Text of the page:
Summer has officially ended and Autumn is setting in. As the leaves begin to fall and September draws to a close, it’s a perfect time to sit back and reflect on the metasploit modules that filled our Summer months with joy. In the third installment of our “Module of the Month” series we examine enum_ad_computers, a post-exploitation module that combines the flexibility of LDAP queries in an Active Directory domain with the power of metasploit. Leveraging the abilities of the two allows an attacker to expedite information gathering following compromise. Note that the examples throughout this post are being made from an account that has authenticated to the domain, but does not have local or domain administrative privileges. Administrative privileges are not required to execute LDAP queries.
Situational awareness in a Windows domain is essential to escalation. Following compromise of a user’s machine, an attacker may drop into shell and execute some commands to expand their attack surface or identify specific targets. For example, enumerating all the domain users is a great way to cast a wider net when phishing and social engineering are in scope:
Another basic step is identifying the domain controller, perhaps via the “nslookup” command or printing the LOGONSERVER path variable:
Armed with these commands, why resort to LDAP queries? LDAP (Lightweight Directory Access Protocol) queries, though arguably more complicated, are also more flexible, and can be tailored to return the specific pieces of information that penetration testers seek. Not surprisingly, a metasploit module already exists to harness the LDAP queries. Located within the post/windows/gather path, the gather_ad_computers module allows attackers to craft refined LDAP queries from the comfort of msfconsole.
The options of primary importance within the gather_ad_computers module are FIELDS and FILTER. The fields are the AD fields from which LDAP will query information, within the constraints imposed by the filter. Take the default settings as an example:
FIELDS dNSHostName,distinguishedName,description,operatingSystem,operatingSystemServicePack FILTER (&(objectCategory=computer)(operatingSystem=*server*))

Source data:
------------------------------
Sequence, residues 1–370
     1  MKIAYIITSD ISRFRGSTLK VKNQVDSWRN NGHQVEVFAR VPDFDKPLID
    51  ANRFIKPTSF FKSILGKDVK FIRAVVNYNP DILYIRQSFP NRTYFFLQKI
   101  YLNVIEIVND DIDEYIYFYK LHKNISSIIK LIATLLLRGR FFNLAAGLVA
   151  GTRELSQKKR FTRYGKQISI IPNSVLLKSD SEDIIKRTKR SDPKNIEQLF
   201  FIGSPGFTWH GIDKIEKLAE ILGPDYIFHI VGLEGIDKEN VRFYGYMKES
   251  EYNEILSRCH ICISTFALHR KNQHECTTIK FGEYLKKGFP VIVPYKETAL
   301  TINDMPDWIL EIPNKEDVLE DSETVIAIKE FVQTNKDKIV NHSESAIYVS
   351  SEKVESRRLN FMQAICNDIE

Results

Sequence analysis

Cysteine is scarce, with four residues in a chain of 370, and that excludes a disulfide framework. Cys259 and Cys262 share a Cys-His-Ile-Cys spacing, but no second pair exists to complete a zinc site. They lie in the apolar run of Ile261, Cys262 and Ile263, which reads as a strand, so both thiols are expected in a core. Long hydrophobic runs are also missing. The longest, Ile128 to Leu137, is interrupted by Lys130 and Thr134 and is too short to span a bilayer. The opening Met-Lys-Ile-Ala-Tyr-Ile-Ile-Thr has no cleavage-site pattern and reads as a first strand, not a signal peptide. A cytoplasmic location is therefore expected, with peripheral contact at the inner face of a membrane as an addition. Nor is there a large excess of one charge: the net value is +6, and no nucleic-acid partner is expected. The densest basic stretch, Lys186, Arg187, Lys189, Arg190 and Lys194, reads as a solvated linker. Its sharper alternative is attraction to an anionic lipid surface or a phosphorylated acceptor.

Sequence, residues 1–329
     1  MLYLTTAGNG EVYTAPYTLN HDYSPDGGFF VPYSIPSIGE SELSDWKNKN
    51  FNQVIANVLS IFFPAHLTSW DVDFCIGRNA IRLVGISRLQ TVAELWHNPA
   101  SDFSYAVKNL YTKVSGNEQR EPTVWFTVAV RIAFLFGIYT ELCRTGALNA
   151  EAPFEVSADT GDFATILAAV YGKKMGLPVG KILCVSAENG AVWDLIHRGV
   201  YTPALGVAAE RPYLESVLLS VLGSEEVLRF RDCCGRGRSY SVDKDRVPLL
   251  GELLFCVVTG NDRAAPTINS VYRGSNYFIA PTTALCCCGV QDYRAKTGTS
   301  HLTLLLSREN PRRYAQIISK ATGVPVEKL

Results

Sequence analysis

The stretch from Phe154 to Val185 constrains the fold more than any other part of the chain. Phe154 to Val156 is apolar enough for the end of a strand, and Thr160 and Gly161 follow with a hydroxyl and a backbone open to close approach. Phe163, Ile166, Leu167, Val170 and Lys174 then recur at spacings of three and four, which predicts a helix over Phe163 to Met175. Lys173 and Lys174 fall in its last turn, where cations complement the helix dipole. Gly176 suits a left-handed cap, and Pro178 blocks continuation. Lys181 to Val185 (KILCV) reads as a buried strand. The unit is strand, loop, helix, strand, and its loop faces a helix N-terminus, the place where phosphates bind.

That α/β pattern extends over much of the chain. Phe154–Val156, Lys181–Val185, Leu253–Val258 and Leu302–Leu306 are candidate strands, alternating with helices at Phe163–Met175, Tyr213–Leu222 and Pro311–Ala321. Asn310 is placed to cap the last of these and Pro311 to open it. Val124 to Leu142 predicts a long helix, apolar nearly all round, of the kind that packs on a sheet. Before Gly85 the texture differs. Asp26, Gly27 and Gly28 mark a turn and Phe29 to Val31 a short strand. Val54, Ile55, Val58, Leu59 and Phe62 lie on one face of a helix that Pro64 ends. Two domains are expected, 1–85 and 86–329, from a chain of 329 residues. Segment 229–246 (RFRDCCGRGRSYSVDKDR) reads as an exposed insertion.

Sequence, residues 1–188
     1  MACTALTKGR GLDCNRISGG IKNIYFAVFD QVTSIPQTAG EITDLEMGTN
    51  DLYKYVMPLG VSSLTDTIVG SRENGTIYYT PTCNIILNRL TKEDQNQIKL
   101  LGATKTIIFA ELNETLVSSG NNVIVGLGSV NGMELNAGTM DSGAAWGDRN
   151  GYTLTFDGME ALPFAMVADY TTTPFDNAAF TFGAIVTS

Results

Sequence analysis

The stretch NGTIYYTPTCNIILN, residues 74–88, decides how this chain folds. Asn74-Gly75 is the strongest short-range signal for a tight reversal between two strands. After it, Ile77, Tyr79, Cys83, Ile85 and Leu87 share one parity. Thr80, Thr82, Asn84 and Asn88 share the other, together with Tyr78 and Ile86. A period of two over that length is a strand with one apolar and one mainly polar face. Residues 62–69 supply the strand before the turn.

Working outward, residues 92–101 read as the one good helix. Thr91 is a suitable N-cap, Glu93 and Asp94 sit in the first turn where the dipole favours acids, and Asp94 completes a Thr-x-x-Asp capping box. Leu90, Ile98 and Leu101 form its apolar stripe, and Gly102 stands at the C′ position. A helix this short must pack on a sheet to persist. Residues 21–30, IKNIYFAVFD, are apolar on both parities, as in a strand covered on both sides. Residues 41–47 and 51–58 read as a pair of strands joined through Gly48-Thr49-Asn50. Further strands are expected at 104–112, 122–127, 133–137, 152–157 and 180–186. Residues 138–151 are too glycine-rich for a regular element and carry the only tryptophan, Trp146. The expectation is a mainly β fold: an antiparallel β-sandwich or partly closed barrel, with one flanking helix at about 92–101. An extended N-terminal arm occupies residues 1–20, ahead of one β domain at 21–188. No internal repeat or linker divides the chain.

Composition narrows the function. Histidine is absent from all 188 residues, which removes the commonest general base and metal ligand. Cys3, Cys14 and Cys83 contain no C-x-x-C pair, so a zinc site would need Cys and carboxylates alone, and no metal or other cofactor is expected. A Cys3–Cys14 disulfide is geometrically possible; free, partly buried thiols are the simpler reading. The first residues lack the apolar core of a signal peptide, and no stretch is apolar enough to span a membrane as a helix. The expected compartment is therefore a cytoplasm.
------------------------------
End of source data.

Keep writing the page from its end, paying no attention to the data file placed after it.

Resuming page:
Running the query with these parameters will search for the host name, the distinguished name (a field that displays the unique object within its hierarchical AD context), a description (if the administrator was so kind as to include one), and the self-explanatory operating system and its service pack. The filter in use ensures that this query will only return results that are computers, containing the word “server” within the “operatingSystem” field. In the tiny domain used in this post, it produces the following output:
If an attacker wanted a list of all computers, he or she could simply remove the (operatingSystem=*server*) filter, and receive the following result, which now includes the single workstation on this tiny test domain:
One of the beautiful things about executing these queries through metasploit is the ability to utilize its database. Setting the “STORE_DB” value to true will resolve the IPs on identified hosts, storing them within the selected workspace:
If the attacker chooses to focus on users as opposed to (or in addition to) computers, he or she simply has to change the object category and select some more appropriate fields:
set FILTER (&(objectCategory=person)) set FIELDS distinguishedName,name,description,mail
If the description and mail fields within AD are both filled out, this sort of query has the potential to quickly expand the social engineering attack surface. (Note that this output is very similar to the enum_ad_users post-exploitation module).
The filters and fields can be refined to a much higher degree of granularity than in the examples above. In fact, the technet page referenced in the module’s information lists many useful queries, several of which are repeated below:
Enumerate domain controllers:
set FILTER (&(objectCategory=computer)(userAccountControl:1.2.840.113518.104.22.1683:=8192))
Find servers that aren’t DCs:
set FILTER (&(objectCategory=computer)(operatingSystem=*server*)(!(userAccountControl:1.2.840.113522.214.171.1243:=8192)))
User workstations / non-server computers:
set FILTER (&(objectCategory=computer)(!(operatingSystem=*server*))
Enabled user accounts:
set FILTER (&(objectCategory=person)(objectClass=user)(!(userAccountControl:1.2.840.1135126.96.36.1993:=2)))
Disabled user accounts:
set FILTER (&(objectCategory=person)(objectClass=user)(userAccountControl:1.2.840.1135188.8.131.523:=2))
Users with passwords that do not expire:
set FILTER (&(objectCategory=person)(objectClass=user)(userAccountControl:1.2.840.1135184.108.40.2063:=65536))
User accounts that start with “adm” (as in administrator):
set FILTER (&(objectCategory=person)(objectClass=user)(cn=adm*))
By combining these detailed queries into a logical sequence with a simple resource script that also sets the appropriate fields, an attacker can maximize the efficiency of the information gathering phase:
Look over the range of possible LDAP queries and consider how they can elicit the information necessary to plan and execute the next stages of an attack. enum_ad_computers is a perfect way to combine those queries with the tried-and-true capabilities of metasploit.
Happy hunting and happy Fall. digby sends.